Photo book by Pierre Claquin was officially launched
in Dhaka at the Alliance Française last Sunday.
The book, titled "Surviving Dreams: The struggling
circuses of Bangladesh," features photographs taken
at circuses around the country over the last two years.
The French Ambassador to Bangladesh, Michel Lummaux,
was present as the Guest of Honour at the ceremony.
In his speech, the Ambassador reflected on an experience
involving circuses in Bangladesh, "We were talking
about circuses in this country with a couple of people,
both Bangladeshis, whose immediate response was, 'There
are circuses in Bangladesh?' This was followed by their
stating that any photographs taken must have been at
least thirty or forty years old, as possibly there couldn't
be any existing circuses left. It was astounding at
the people's complete ignorance of the matter, but it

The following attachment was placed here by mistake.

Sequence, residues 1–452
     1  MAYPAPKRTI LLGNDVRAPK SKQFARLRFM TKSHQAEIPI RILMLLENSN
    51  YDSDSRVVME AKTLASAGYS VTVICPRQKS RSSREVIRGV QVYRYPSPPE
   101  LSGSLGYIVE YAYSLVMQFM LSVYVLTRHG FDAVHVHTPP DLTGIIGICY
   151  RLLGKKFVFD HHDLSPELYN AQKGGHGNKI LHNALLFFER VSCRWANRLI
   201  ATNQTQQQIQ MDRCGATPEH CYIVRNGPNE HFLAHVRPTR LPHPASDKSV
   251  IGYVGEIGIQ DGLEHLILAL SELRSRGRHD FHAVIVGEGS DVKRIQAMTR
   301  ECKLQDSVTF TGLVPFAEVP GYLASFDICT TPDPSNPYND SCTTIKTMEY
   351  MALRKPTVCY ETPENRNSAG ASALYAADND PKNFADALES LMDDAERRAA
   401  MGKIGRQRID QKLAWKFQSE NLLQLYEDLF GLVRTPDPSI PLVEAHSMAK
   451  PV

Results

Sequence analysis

also reflected the fact that the popularity of circuses
were on a wane."
On this decrease in interest, Pierre Claquin said, "Compared
to a decade ago, circuses now utilise a different outlook
altogether. Most of the shows performed during the day
follow the usual standards, but the night shows are
different. The night shows combine the regular acts
with those of traditional Bangladeshi Jatra. The focal
point here is pretty girls and women wearing skimpy
outfits. Obviously the only audience will be men, and
hence the circus is forced to lose its appeal as a family
place." He added, "I hope that this book will
work as an encouragement for people to visit these circuses.
Without further public response, they may die out, taking
with them decades of tradition."
The book features black and white snap-shots of life
and work in the circus. "I used black and white
film for this project because, especially in the case
of circuses, it is very easy to be distracted by colours,"
said the photographer. The book will be on sale at the
Alliance Française, on Mirpur Road in Dhanmondi,
and at Tribal Craft, located at Road 7A in Banani.